The Barnet Society will do what it can to ensure they’re well designed and landscaped, but it’s unlikely we’ll be able to avoid some loss of open space.
At present, Government, our Council and leading London Mayoral candidates have all pledged to protect the Green Belt.
But that hasn’t prevented Old Stationers Field (near Dollis Brook) being turned into a floodlit and fenced-off artificial pitch – and more may be needed when the proposed Ark Academy opens in 2018.
Moreover, much of Chipping Barnet’s green space, for example the Whalebones estate, is not actually designated Green Belt.
The impression of continuous greenery we enjoy is due to the happy accident of various fields, parks and trees combining to produce an effect greater than the sum of their parts.
For this reason, we welcomed the recent consultation on a Borough-wide strategy for the maintenance and enhancement of Barnet’s parks and open spaces over the next ten years.
The Council is commendably frank about needing to save £1.7m from its parks and open spaces budget between 2015 & 2020. But the report’s methodology was flawed and its suggested solutions cause us considerable concern.
Central to the Strategy is the ranking of every park and open space according to its high or low quality and value.
It’s a logical approach, but produces some bizarre results. In our immediate area, spaces deemed ‘low quality, low value’ include:
- Monken Hadley Common & Wood
- Hadley Cricket outfield
- Hadley Highstone
- Byng Playing Fields
- Ravenscroft Gardens
- Rowley Green Nature Reserve
- King George V Playing Fields
- The Tudor Golf Course
- Potters Lane Open Space
- Highlands Gardens
It can’t be right – to take one example – to classify Hadley Wood as low in both quality and value. It’s a remarkable enclave of ancient and mainly indigenous woodland (the former Enfield Chase) miraculously preserved within London, and unique in Barnet.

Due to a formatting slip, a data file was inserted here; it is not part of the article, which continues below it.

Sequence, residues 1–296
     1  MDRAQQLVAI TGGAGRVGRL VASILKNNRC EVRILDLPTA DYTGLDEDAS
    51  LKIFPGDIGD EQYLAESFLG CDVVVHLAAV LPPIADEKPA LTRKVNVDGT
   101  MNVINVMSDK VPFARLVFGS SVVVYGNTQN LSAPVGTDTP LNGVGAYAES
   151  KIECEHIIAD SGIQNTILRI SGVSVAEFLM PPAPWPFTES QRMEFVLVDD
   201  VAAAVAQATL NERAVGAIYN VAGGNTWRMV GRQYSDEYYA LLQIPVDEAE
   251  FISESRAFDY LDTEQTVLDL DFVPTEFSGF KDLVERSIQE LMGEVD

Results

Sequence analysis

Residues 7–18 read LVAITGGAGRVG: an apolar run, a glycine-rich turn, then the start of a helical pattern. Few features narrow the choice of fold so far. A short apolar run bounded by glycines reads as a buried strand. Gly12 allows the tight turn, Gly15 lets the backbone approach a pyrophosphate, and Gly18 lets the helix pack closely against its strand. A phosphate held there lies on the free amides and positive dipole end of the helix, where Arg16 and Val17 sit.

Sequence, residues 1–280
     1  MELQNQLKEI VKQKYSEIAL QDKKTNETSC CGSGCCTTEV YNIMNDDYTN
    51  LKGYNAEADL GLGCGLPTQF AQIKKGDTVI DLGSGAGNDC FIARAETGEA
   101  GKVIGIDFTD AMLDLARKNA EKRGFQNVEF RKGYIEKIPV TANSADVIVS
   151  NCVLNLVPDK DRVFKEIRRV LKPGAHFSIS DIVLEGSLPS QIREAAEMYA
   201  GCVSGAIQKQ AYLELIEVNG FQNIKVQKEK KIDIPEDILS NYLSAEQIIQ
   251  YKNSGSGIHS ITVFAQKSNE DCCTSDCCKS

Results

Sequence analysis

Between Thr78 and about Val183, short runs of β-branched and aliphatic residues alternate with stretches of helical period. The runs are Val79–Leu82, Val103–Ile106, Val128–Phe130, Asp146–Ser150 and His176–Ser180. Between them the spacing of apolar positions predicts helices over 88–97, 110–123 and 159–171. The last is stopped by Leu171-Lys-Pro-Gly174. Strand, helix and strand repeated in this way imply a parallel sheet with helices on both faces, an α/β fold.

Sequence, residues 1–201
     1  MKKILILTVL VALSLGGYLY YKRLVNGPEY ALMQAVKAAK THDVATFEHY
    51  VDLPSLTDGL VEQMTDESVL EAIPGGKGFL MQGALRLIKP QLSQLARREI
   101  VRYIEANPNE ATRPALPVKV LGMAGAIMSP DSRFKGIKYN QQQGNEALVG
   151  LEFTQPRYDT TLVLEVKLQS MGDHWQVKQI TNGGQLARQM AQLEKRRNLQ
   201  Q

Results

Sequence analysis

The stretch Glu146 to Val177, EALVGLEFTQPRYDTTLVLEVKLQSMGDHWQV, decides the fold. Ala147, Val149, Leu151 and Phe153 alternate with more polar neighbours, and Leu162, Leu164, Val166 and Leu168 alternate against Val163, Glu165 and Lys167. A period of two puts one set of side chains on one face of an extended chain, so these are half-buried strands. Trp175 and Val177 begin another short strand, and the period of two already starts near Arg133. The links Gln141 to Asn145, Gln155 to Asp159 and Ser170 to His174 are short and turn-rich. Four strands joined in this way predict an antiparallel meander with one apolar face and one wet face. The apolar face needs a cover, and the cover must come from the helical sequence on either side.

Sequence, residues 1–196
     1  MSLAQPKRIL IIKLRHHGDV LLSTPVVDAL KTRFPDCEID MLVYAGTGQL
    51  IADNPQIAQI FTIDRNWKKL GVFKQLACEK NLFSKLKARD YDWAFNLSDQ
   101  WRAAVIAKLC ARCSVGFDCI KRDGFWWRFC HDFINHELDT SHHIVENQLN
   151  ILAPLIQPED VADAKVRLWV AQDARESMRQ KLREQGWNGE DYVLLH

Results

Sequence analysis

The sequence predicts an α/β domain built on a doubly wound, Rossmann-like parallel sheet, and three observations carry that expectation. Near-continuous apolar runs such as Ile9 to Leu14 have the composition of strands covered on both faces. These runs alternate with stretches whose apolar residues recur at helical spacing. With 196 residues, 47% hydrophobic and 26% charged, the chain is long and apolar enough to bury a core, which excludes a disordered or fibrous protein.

The action proposed for spaces categorised as ‘low quality, low value’ is, ‘Enhance quality and value or consider delivering outcomes through an alternative use’ (my italics).
Since funds are unlikely to be found for the former, the alternative use is most likely to be housing.
We don’t know which open spaces will be targeted, because Area Action Plans are still being prepared for Council approval in May – but no public consultation is currently proposed on the Plans, despite those proposals being what will matter to residents.
Development of most of these sites would be totally unacceptable. For any such idea, the Society would require a convincing demonstration of the housing, educational or other need, and a thorough appraisal of alternative options, costs and benefits.
Resulting architectural and landscape schemes would have to be to the highest design and environmental standards, with adequate compensatory planting, amenity space and provision for wildlife.
In our view, successful new development will only be achieved if the community is involved from the start, and shares both the vision and the shaping of projects.
Barnet Council’s record in this respect gives us no grounds for optimism, whether on a small scale such as Brookdene Nature Reserve in Finchley – fortunately no longer to be sold to a developer – or large scale such as West Hendon, where the impact of the new towers on residents and landscape will be massive.